Rush Limbaugh Asks Why More People Aren’t Upset by Trump’s Fake Unemployment Figures

Republicans have been making up facts for years, and there have been some real whoppers told. What is amusing is watching Republicans get frustrated when their fake news isn’t believed. Glenn Beck used to always ask, “Why aren’t people talking about this?” and Why does no one care?” when “this” existed only in his head.

Now Rush Limbaugh, who is one of those responsible for pushing the fake unemployment figures being used by Donald Trump wants to know why more people aren’t upset that unemployment is so high.

The answer, of course, is that unemployment is low, and that he invented those numbers, numbers used not only by Limbaugh but by Donald Trump. Limbaugh, speaking Monday on his show, positively seethed with frustration, claiming, based on all those fake numbers, “By all rights, Obama and Hillary should be in the 30 percent range here, and Hillary ought not have a prayer.”

Listen to Limbaugh rant about the polling data:

Most of my life, and I’m sure most of yours, presidential elections have been largely determined by the state of the U.S. economy or the perceived state of the U.S. economy. And in 2008 — I’m sorry, 2012 — well, 2008 it did matter. That’s right, in 2008, [Sen. John] McCain [(R-AZ)] was leading until the financial collapse, the reported financial collapse, happened, and then it was over. And in 2012, [George W.] Bush was still being blamed for the economy. Here we are in 2016, the last eight years have seen dramatic economic decline all across the board in this country. In addition, the last eight years have seen the heated debate over Obamacare, Obama signing it into law after having lied to the American people about fundamental aspects of it. You like your doctor? No problem, keep your doctor. You like your policy? No sweat, keep your policy. Not only that, your premiums are going to be coming down an average of $2,500 a year. None of that was true.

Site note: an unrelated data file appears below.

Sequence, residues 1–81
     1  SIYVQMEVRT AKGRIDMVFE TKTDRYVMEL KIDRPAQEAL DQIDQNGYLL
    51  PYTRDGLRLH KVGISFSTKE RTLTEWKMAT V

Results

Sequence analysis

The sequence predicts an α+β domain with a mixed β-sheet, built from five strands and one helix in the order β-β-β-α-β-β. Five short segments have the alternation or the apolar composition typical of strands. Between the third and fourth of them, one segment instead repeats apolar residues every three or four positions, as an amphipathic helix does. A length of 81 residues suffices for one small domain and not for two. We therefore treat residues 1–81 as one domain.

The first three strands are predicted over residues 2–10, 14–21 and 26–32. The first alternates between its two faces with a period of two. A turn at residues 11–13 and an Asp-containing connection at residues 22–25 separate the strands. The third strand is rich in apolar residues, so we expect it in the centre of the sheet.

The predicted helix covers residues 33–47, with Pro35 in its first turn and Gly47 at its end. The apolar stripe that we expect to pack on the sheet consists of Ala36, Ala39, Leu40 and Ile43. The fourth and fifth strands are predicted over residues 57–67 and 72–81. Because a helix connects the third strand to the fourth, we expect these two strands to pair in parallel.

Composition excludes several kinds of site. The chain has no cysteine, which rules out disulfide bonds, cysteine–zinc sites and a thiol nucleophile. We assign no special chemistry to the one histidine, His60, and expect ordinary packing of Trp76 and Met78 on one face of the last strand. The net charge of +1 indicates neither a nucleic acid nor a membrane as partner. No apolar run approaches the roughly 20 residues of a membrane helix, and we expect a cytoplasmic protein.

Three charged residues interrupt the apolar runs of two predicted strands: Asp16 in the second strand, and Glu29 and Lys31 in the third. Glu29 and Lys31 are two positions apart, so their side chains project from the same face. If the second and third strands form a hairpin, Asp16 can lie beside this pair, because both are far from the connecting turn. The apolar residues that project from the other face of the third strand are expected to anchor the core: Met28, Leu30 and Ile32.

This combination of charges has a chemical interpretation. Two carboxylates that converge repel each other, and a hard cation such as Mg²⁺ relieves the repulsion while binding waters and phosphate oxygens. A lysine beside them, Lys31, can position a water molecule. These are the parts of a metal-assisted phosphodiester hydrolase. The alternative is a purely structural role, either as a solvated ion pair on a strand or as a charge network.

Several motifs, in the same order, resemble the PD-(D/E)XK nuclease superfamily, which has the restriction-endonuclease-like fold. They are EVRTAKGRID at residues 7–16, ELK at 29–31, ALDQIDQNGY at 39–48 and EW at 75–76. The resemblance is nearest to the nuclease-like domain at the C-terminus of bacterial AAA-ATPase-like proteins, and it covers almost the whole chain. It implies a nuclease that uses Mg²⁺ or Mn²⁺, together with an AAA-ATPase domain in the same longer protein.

The unemployment rate is more like 23 percent. When you get into African American and minority unemployment, it’s at 25 percent or 50 percent with teenagers. We have 94 million Americans not working. By all that’s holy in American politics, the Democrats ought to be finished. They ought not even have a chance, using old traditional metrics. In the old days, when the economy was bad, the sitting president got blamed for it. His party was blamed for it, no matter what they did. It was almost insurmountable. By all rights, Obama and Hillary should be in the 30 percent range here, and Hillary ought not have a prayer.

Last year, Limbaugh was claiming 42.9 percent. For the record, PolitiFact rated the claim that 90 million Americans aren’t working “mostly false” when they looked at the claim (made by Limbaugh and others) in 2013, objecting that it included “high schoolers, college students and retirement-age Americans.”

That didn’t stop Rick Perry from repeating the lie, or Rush Limbaugh making the same claim again in 2015, and, of course, yesterday.

Limbaugh talks about “dramatic economic decline” but the thing is, the state of the U.S. economy is much improved since President Bush left office. Gallup reports economic confidence has remained steady this summer. As for employment figures, this chart of the unemployment rate for those 16 years and over from the Bureau of Labor Statistics puts the lie to Limbaugh’s claim:

latest_numbers_LNS14000000_2006_2016_all_period_M07_data

The problem for Limbaugh and Trump and other Republicans, is that the GOP is campaigning against the state of the economy in 2009, when Obama took office, all the while erasing not only the context (Bush’s destruction of the economy partly through two unpaid-for wars they’d rather blame Obama for) but the before and after economic figures surrounding Obama’s presidency.

The change is startling. And the state of the U.S. economy is largely determining the 2016 elections. If you insist on campaigning against a set of circumstances that no longer exist, as Trump is doing, you are going to have a disconnect with your audience.

Misattributed blame by Red State Republicans during a primary – Red State governance (hello Kansas) and not Obama is to blame for their circumstances – is not going to sell to a wider audience of both parties and independents in a general election, who know the facts.

It is no surprise his PolitiFact scorecard is 83% mostly false or worse (almost as bad as Trump’s). Now he is angry, and Trump is frustrated, that people aren’t outraged by a bunch of stuff that is demonstrably untrue, that the lies they’re both pushing aren’t “trumping” the facts on the ground.